My own one piece of advice is to realize you are on a journey, a very long one in most instances. You will have to stay committed to your story if you want to world to be touched by your message. Try to enjoy it. Read a lot in the genre you want to write in. If you want to write picture books, read as many of them as you can that have been published in the last 8 years. Take classes, webinars and if possible, join a critique group. Join CBI, Children’s Book Insider, which will be the biggest gift you can give yourself. Here you will learn everything you need to know. Read Jane Yolen’s book Take Joy.
One of my favorite books is Writing Down the Bones by Natalie Goldberg. Here are some of her top tips:
1. Choose comfortable writing tools, pens that let you write quickly.
2. Believe in the process. If you are not afraid of the voices inside, you won’t fear the critics outside.
3. Don’t make your mind do anything. Step out of the way and record your thoughts as they roll through you. Writing practice softens the heart and mind.
4. We care stories in our bodies waiting to be released. What are your obsessions? Now put them to good use. They have power. You will come back to them over and over. You might as well give in to them.
5. Writing is not a MacDonald’s hamburger. The cooking is slow and in the beginning you’re not sure whether a roast, a banquet or a lamb chop will result.
6. Be awake to the details around you. Our moments are important. As a writer we carry the details of our lives. We are saying “yes” to life – all of it – all the blissful, gory and sad moments. We must come to love the details.
7. Read a lot, listen well and deeply and write a lot. Don’t think too much. Enter the heat of words, sounds and sensations. Keep your pen moving.
8. Learn the names of things. Call it a “geranium”!
9.. Concentrate on the world around you as you focus.
10. Become an animal and be on high alert with all the senses.
11. Write in a cafe or a laundromat if you want a change of scenery and free of distractions.
12. Use loneliness. Its ache creates urgency to reconnect with the world.
13. Doubt is torture. Don’t listen to it or to the “wet blankets” out there.
14. Write about the ordinary.
Sometimes it pays to take time off and write a silly poem. Here is one I read today, Feb. 15 from Giggle Verse by Darren Sardelli. See below some information on Giggle Verse
My Doggy Ate My Essay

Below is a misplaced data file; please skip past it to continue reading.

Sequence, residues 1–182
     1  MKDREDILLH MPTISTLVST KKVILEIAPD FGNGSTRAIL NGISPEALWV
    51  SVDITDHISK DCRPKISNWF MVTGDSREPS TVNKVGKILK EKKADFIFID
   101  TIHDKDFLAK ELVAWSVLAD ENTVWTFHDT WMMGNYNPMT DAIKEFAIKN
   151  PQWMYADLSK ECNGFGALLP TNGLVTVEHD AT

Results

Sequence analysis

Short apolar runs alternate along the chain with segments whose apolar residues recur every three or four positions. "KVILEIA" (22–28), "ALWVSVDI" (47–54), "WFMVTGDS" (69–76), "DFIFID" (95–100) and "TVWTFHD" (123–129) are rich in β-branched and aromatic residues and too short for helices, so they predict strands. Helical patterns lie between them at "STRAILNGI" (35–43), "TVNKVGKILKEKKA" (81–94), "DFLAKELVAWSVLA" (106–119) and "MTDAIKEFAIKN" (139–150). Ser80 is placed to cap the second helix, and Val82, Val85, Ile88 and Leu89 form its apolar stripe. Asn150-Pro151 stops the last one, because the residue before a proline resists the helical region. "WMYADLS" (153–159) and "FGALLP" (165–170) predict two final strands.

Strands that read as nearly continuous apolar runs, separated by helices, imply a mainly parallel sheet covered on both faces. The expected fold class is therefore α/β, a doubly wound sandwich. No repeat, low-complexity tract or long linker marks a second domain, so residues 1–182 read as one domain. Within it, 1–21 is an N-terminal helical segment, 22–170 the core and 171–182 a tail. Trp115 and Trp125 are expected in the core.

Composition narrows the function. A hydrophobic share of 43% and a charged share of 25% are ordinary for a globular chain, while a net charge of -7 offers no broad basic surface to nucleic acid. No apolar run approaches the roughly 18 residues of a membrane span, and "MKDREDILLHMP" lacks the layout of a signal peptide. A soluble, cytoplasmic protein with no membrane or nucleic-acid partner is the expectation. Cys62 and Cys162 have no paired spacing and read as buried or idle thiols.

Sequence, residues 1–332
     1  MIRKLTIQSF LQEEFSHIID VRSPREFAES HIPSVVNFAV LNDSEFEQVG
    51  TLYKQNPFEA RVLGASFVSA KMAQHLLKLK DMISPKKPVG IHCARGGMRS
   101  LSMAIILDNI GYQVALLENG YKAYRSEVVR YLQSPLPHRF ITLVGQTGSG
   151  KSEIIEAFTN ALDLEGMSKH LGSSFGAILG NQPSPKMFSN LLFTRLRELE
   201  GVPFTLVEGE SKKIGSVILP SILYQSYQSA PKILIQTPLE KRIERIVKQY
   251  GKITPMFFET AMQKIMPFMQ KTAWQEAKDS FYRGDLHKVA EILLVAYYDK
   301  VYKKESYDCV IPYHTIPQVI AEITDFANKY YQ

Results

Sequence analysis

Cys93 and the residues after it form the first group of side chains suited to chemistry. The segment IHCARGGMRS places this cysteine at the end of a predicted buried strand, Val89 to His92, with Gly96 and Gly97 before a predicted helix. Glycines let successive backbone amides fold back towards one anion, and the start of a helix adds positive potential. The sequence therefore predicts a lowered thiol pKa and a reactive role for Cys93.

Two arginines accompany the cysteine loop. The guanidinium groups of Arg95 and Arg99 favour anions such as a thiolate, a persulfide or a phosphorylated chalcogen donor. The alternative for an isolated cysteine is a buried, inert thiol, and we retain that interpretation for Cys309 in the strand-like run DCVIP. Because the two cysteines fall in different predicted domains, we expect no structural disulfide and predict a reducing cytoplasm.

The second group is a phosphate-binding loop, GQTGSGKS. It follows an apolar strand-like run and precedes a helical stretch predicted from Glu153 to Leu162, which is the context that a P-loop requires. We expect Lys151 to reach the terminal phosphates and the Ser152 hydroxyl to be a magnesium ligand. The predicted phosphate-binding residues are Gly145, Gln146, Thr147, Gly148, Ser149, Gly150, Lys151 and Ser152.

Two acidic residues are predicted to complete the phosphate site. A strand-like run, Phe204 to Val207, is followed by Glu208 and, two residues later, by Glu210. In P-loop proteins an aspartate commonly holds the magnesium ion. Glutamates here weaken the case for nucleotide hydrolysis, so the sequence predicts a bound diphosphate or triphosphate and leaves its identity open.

My doggy ate my essay. He picked up all my mail. He cleaned by dirty closet. and dusted with his tail. He straightened out my posters and swept my wooden floor. My parents almost fainted when he fixed my bedroom door. I did not try to stop him. He made my windows shine. My room looked like a palace, and my dresser smelled like pine. He fluffed up every pillow. He folded all my clothes. He even cleaned my fish tank with a toothbrush and a hose. I thought it was amazing to see him use a broom. I'm glad he ate my essay on "How to Clean My Room."
Welcome to GiggleVerse.com, home of the funniest children’s poems in the universe.
This site was created and is maintained by former Children’s Poet Laureate (now called Young People’s Poet Laureate), Kenn Nesbitt, thanks to the generous contributions of poems from writers all over the world. Our goal is to encourage children to read by providing them with new funny poems every weekday, on the website and by email.
Some great tips from some famous authors:
“I think when you are an aspiring writer, you must write every day. It’s not as though anybody will call you up on the phone and say, ‘I understand you are a very promising, aspiring writer and I’m going to give you this assignment.’ You have to create it yourself or it’s never going to happen.”
– Elizabeth Gilbert
“The imagination has to be muscular, which means it must be exercised in a disciplined way, day in and day out, by writing, failing, succeeding and revising.”
– Stephen King
“When you first start writing — and I think it’s true for a lot of beginning writers — you’re scared to death that if you don’t get that sentence right that minute it’s never going to show up again. And it isn’t. But it doesn’t matter — another one will, and it’ll probably be better. And I don’t mind writing badly for a couple of days because I know I can fix it — and fix it again and again and again, and it will be better.”
– Toni Morrison
On Visiting Kate DiCamillo’s author’s website:
Please check out her advice “On Writing.” Kate is one of my favorite middle grade writers.
You will never forget it! Don’t Forget to read The Miraculous Journey of Edward Tulane and Because of Winn Dixie
Sept. 13, 2021